Using computational techniques to analyze the data, the researchers calculated measures of diversity inside the tumors. Essentially, they counted cell varieties and measured the genetic difference, or divergence, between those varieties. "Simply put, we took ecology measures of species diversity and translated them into measures of cell diversity within tumors," Maley says. The found a striking correlation between increased diversity of tumor cells and progression to cancer. For every additional cell variety detected in a tumor, the patient was twice as likely to progress to cancer.
Maley suggests that genetically diverse tumors have a high probability of generating mutant cells that will flourish and spread, allowing the tumor to transform and grow. In the future, in addition to serving as a biomarker for cancer risk, he adds, measures of genetic diversity might help doctors assess the success of cancer prevention therapies.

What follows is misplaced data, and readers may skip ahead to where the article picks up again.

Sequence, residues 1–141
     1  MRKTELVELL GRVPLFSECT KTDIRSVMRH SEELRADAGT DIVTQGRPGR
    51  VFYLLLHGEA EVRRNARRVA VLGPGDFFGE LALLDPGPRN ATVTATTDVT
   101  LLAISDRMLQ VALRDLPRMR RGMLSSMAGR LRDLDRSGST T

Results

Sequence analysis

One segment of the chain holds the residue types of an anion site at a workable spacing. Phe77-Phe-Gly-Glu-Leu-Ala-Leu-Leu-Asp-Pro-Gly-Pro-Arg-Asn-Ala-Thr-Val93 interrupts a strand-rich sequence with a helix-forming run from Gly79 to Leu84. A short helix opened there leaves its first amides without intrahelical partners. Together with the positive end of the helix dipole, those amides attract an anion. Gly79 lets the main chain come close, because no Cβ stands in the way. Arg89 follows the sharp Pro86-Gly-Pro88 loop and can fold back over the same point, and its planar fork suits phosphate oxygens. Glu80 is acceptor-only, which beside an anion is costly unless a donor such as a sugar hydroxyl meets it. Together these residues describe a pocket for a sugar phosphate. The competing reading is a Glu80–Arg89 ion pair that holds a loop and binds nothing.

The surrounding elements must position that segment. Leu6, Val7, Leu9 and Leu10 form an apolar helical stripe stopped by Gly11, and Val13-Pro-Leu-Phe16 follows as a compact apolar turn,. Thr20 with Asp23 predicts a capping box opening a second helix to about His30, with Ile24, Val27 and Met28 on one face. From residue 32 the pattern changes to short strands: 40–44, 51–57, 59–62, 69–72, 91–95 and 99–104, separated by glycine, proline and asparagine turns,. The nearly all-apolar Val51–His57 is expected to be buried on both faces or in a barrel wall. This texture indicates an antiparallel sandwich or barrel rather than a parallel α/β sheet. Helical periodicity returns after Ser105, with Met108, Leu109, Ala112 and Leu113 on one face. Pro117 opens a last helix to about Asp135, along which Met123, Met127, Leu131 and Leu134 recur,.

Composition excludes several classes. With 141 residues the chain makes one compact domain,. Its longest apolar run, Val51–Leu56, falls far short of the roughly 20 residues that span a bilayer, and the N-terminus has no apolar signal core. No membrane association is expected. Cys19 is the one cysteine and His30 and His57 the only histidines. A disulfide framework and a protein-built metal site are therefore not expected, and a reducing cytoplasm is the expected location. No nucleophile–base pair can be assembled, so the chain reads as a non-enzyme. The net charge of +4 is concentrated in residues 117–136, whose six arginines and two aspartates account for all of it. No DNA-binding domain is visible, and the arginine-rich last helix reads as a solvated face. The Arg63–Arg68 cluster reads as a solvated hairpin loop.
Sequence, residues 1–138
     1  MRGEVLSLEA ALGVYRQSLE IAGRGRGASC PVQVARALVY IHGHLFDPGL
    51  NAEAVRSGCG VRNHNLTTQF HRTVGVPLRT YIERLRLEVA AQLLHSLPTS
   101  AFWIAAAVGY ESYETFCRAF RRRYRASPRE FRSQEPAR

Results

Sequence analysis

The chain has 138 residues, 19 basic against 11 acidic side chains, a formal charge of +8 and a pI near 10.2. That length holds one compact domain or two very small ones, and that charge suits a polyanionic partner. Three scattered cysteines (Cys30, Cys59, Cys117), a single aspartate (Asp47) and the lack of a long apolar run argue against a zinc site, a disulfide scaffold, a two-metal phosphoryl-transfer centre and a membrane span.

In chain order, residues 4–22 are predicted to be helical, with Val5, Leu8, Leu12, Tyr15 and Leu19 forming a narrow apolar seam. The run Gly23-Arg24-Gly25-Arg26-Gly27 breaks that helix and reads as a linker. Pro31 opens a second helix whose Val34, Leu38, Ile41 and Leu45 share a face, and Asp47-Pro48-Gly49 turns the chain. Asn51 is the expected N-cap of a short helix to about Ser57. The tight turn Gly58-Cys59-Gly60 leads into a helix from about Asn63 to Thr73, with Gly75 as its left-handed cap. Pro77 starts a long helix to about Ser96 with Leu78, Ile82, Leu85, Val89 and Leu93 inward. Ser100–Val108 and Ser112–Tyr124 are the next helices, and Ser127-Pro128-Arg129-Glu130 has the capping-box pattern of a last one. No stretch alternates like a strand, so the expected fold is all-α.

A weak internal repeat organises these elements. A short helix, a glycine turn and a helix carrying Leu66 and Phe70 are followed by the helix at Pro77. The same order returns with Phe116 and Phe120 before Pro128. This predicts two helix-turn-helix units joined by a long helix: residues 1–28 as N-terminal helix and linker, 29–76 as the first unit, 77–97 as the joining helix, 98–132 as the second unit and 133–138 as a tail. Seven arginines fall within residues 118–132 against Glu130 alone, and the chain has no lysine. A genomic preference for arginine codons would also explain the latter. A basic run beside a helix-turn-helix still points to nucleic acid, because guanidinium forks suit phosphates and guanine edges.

In fact, he speculates, genetic diversity among tumor cells might help explain why therapy sometimes fails. If a tumor contains a diverse population of cells, some of those cells are more likely to resist treatment, Maley says. Adapting to and surviving chemotherapy, these resistant cells could breed, leading to a cancer relapse. He hopes to pursue this hypothesis in the future. "More immediately," he adds, "we intend to validate the new study with other cohorts and other types of tumors."